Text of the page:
Palestinians protest against the ongoing electricity crisis in Jabalia refugee camp in the northern Gaza Strip on January 12, 2017
Palestinians protest against the ongoing electricity crisis in Jabalia refugee camp in the northern Gaza Strip on January 12, 2017 © Mohammed Abed - AFP
Palestinians protest against the ongoing electricity crisis in Jabalia refugee camp in the northern Gaza Strip on January 12, 2017
Sakher Abou El Oun, AFP
Last updated: January 1, 1970

Cold and angry, Gazans protest in test for Hamas

Crippling shortages of electricity in Gaza and reports of children dying of cold have stoked anger in the Palestinian enclave where there are daily protests against its Hamas leaders.

The main Palestinian factions are blaming each another and Israel for the crisis, which has left the territory with just four hours a day of power at best.

In one of the largest demonstrations yet, thousands of protesters in northern Gaza on Thursday walked to the local headquarters of the electricity company run by Hamas, the Islamist movement that has ruled the Strip since 2007.

Security forces dispersed the protesters violently, with shots fired in the air and a number of journalists beaten up.

A prominent comedian was also detained on Wednesday after he posted on social media a call for Hamas to give up power.

UN envoy for the Middle East peace process Nickola Adenoviral has expressed concern about the "tense situation" in the Gaza Strip and urged calm.

"We are witnessing a lot of anger and resentment at the power outages on the Gazan streets," said Amjad al-Shawwa, the director of Palestinian civil organisations.

Gazans normally receive power in alternating eight-hour cycles, with those able to afford it using private fuel generators for the down times.

But for the past two weeks, they have received a maximum of four hours a day from the state energy supply.

Ahmad al-Soarka believes the shortage caused the death of his 12-day-old son.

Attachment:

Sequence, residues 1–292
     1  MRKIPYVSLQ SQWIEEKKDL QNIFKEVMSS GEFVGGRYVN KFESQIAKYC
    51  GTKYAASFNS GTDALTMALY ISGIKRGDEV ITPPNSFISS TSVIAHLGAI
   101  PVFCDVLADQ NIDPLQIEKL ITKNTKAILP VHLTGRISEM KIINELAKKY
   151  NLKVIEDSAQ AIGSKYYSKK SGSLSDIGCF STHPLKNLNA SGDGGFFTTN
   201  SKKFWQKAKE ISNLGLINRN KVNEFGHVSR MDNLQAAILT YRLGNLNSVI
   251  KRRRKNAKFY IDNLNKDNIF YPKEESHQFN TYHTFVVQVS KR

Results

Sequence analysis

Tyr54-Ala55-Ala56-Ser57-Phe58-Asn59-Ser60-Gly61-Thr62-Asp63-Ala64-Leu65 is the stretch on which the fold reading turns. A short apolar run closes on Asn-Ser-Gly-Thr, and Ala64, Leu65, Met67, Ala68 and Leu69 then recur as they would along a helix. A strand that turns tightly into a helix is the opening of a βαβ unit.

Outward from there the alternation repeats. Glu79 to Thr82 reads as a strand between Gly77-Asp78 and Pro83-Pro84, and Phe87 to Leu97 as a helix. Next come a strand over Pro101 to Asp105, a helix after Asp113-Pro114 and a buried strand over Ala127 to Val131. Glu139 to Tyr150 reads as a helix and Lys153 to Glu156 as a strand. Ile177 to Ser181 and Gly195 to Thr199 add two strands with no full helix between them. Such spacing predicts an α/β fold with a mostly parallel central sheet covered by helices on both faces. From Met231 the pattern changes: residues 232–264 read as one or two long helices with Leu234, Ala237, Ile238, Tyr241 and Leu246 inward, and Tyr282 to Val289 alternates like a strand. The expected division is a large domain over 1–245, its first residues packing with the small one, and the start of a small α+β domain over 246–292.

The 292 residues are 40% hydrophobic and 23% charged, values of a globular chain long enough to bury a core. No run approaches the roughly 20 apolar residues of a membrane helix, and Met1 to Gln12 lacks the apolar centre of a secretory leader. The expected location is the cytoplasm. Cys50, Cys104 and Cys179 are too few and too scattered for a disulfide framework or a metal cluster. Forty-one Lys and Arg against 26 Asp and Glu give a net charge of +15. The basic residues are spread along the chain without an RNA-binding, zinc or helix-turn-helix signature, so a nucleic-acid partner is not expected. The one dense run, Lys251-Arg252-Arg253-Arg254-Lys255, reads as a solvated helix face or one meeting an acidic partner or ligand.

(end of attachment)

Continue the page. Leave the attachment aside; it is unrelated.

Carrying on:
"My son died from frost and the extreme cold, according to what they told us in the hospital," Soarka said.

The family's home was destroyed in the 2014 war between Israel and Hamas and so they have lived in a caravan for the past two years.

"Right now it is like a freezer," the young father told AFP.

The health ministry has not confirmed the cause of death as yet, but the baby's grandfather Salama, 49, said he had no doubt.

"If we had electricity, we could protect ourselves and the children from the cold," he said. "The young can't tolerate it."

More than two thirds of Gazans depend on aid, according to the United Nations, which has also estimated the enclave could become unliveable by 2020 if current trends continue.

- No solution in sight -

The two million residents of Gaza require around 450-500 megawatts of power per day but are receiving less than half of that. With cold winters, demand has spiked -- leading to the shortages.

Maher al-Tabaa, an economic expert, said the crippling electricity shortages "affect all economic activities and have led to the suspension of a number of factories and economic construction".

"The economy cannot manage only on electricity generators," said Tabaa.

Sadly for Gazans, there is no immediate solution to the crisis.

Israel has maintained a blockade of the enclave for the past 10 years, limiting the entry of goods and crippling the economy.

Israel argues such restrictions are necessary to contain Hamas, with which it has fought three wars since 2008.

But the more immediate cause of the crisis seems to be the split between Hamas and the Palestinian Authority (PA), the internationally recognised Palestinian leadership which runs the West Bank.

Hamas seized control of Gaza from Fatah, which dominates the PA, in a near civil war in 2007.

The two factions have been unable to form a unity government and have been in dispute over tax bills on fuel imports.

In 2015, Gaza's sole power plant, which was badly damaged in a 2006 Israeli attack, was shut down for several weeks over unpaid taxes.

Part of the reason energy authorities have so little funding is unpaid bills.

Nearly 70 percent of households do not pay their electricity bills, either because of poverty or due to lack of collection, the UN estimates.

Fathi Sheikh Khalil, from Gaza's electricity company, told AFP "what is available is distributed", pointing to a shortage of funds.

Khalil al-Hayya, a member of Hamas's political bureau, said the party was willing to "hand over the electricity file" if a solution could be found, while the PA government in the West Bank city of Ramallah says it pays millions of dollars annually for Gazan electricity.

On Friday, Fatah media accused Hamas of carrying out dozens of arrests overnight, and Hamas supporters held a counter rally blaming PA president Mahmud Abbas for the power crisis.

Hamas official Mushir al-Masri told the rally that the PA bore "full and direct responsibility" for the emergency.

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